Thursday, January 20, 2005

Ok, does anyone remember cart machines?

Cart machines. Ahh... those were the days.

For the uninitiated, the term "Cart" is short for "Broadcast Cartridge". Obviously, a "Cart Machine" is the piece of equipment that plays (and sometimes records) 'em.

A Cart is basically a length of tape (the same as you would use on reel-to-reel machines), wound inside a plastic case (CARTridge, if you will). The two ends of the tape are spliced together, forming a tape loop. As soon as the recording reaches the end, it is automatically cued and ready to air again! Carts are generally made with lengths of tape that correspond to a certain number of seconds: e.g. 20sec, 40sec, or 2:30.

Carts were (and still are) especially useful for recording any short item that needs to be played repeatedly, such as top-hour station ID's, jingles, community announcements, commercial spots, etc. Many stations had most, or all of their music recorded on carts as well. The songs were usually transferred to cart from vinyl records.

When you begin recording on a cart, the cart machine puts an electronic pulse onto the tape. When you playback the cart, the machine recognises the pulse and stops as soon as it comes around. It's now cued right at the beginning and ready to play again. It is also possible to put more than one cut on a cart, and then each time the cart is fired (played) it will play one of several recordings in succession each time the machine is fired.

Example:

Fire cart.

Cut #1 plays: "Graveyard 1270 WGRV! Your home for the Jim Bohannon Show. Weeknights at 10, Only on WGRV!"

Cart stops, Cut #2 cued.

Fire cart...

Cut #2 plays: "Graveyard 1270 WGRV! Your home for Graveyard Township Football!"

Cart stops. Cut #3 cued.

Fire cart.

Cut #3 plays: "The New York City Stations don't have Graveyard Traffic! That's why there's Graveyard 1270, WGRV!!"

Cart stops. Cut #1 cued.........

Neat!! (ok, maybe not, given the above examples... but if you're still reading this, you know EXACTLY what I'm talking about!)

Carts look very similar to the 8-track tapes you may remember from the 70's.

Cart machines came in many forms. They were all very heavy and built to extremely high quality standards. There are cart machines that can play one cart at a time, there are "triple deckers" and there are even cart machines that will rotate up to 64 carts on automation.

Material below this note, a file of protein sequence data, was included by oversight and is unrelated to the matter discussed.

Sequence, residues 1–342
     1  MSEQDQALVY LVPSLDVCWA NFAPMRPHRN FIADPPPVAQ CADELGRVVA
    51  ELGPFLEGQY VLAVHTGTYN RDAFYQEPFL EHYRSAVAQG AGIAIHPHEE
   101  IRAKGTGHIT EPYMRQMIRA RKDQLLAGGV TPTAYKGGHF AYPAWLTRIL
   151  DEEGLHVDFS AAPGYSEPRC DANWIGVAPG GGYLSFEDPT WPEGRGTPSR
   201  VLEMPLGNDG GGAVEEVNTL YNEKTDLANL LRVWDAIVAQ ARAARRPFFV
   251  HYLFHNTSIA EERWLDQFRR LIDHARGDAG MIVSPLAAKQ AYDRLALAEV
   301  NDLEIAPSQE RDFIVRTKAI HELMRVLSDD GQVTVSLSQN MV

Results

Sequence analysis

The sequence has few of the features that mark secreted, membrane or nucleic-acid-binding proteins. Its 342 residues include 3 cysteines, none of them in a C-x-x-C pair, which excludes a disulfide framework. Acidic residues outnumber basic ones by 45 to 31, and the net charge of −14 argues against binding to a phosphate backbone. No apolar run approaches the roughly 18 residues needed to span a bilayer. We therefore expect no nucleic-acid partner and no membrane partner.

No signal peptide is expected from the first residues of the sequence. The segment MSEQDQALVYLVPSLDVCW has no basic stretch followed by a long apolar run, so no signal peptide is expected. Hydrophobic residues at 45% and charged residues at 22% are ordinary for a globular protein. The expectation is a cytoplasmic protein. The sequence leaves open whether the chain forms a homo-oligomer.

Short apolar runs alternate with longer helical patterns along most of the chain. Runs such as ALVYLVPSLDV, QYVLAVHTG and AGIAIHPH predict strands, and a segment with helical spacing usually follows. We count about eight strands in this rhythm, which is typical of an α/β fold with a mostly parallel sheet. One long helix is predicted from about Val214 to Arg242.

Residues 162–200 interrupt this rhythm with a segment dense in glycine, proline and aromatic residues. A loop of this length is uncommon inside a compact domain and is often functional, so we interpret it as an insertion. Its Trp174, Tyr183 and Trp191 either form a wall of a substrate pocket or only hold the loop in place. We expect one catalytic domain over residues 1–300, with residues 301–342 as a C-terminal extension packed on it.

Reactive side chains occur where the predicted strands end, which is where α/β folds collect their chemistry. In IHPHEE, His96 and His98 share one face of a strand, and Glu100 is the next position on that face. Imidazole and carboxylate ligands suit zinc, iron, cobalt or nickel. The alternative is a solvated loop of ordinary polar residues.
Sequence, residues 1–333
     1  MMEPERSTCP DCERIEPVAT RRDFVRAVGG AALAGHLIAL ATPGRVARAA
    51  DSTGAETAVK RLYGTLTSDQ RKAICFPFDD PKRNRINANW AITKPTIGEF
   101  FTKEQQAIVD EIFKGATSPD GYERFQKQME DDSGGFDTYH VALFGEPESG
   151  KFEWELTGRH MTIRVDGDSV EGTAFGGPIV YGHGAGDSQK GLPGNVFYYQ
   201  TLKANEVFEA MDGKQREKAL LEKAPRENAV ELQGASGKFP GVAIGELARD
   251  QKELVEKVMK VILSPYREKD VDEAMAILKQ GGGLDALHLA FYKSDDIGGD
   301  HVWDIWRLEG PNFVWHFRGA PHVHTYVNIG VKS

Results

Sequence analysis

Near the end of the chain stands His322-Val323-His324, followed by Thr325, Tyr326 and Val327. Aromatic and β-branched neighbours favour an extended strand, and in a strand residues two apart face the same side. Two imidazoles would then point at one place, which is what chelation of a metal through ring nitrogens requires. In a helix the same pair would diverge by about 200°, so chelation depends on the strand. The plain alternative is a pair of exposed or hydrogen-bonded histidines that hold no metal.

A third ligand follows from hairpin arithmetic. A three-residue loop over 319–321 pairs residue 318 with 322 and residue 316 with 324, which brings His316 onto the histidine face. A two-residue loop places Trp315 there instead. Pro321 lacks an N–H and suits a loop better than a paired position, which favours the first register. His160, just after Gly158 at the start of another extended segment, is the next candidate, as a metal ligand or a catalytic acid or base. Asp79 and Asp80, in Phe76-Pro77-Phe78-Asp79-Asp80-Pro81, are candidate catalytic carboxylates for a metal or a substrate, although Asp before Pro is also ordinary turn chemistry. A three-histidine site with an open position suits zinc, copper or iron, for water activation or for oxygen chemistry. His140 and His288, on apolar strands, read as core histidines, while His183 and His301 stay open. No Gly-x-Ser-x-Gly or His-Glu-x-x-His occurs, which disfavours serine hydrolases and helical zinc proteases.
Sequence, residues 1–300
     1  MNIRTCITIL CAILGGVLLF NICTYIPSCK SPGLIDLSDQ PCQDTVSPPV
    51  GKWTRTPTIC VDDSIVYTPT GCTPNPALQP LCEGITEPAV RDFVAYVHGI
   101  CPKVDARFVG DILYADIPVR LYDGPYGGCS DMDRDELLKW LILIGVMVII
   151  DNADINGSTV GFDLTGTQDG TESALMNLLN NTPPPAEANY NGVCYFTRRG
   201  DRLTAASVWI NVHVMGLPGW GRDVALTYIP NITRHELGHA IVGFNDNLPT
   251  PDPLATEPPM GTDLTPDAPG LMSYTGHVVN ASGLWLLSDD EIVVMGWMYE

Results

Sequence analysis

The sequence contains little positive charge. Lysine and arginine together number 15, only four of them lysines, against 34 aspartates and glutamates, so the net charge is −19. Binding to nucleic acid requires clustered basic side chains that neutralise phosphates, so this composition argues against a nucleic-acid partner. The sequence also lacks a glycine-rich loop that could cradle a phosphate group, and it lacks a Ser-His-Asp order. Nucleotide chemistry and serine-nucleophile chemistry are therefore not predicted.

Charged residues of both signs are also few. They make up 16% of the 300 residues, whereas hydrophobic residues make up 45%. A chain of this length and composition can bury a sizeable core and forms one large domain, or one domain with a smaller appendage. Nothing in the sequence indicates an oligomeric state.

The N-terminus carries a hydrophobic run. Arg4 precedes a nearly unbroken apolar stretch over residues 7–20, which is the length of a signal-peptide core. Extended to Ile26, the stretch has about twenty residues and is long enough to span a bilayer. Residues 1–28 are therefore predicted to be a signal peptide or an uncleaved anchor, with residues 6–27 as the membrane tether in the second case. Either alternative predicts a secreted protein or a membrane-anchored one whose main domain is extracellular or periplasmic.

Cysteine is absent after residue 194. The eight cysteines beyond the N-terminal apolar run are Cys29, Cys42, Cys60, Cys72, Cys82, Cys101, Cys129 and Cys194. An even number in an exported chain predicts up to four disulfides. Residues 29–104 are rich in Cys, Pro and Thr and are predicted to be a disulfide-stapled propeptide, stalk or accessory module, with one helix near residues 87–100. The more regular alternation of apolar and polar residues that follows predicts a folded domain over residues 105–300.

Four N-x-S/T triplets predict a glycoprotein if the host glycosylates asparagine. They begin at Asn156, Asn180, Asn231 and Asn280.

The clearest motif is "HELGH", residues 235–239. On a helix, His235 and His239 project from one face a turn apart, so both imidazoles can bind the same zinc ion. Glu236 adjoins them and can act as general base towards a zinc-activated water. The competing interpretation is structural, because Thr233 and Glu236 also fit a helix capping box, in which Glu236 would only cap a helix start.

Most cart machines are electronically controlled, but some old ones require you to insert the cart and then pull a big lever in order to play. These days, dinosaurs like that can usually only be found in toilet radio stations (sorry LNG... We Do Love YA!!)

In fact, most radio stations do not use cart machines any longer. Some stations still have them as backup sources, but most of these high quality, reliable machines have gone to the breakers to be turned into insurance writeoffs. Digital editing has made leaps and bounds in broadcasting. Instead of an Otari MX5050 and a razor blade, you can now edit audio quickly and efficiently in the digital domain! In fact, if you win a radio contest, your call can and will be edited before it goes on the air, using one of these.

Oh, yes... the venerable cart machine has all but gone the way of the Dodo. Instead, the music, commercials, liners, sweepers, etc. that you hear on your favorite radio station almost exclusively come from a computer. In fact, on a lot of radio stations even your favorite DJ comes from a computer, or from a satellite. This is called voice-tracking. But that's another subject entirely.

More to follow...





Here we go...

Ok, so everyone has a blog these days. I'm surprised my 87-year old cranky grandmother doesn't have one (well not really, considering she doesn't own a computer, and has enough trouble operating her television) but anyway, now I guess I have one too.

More to follow....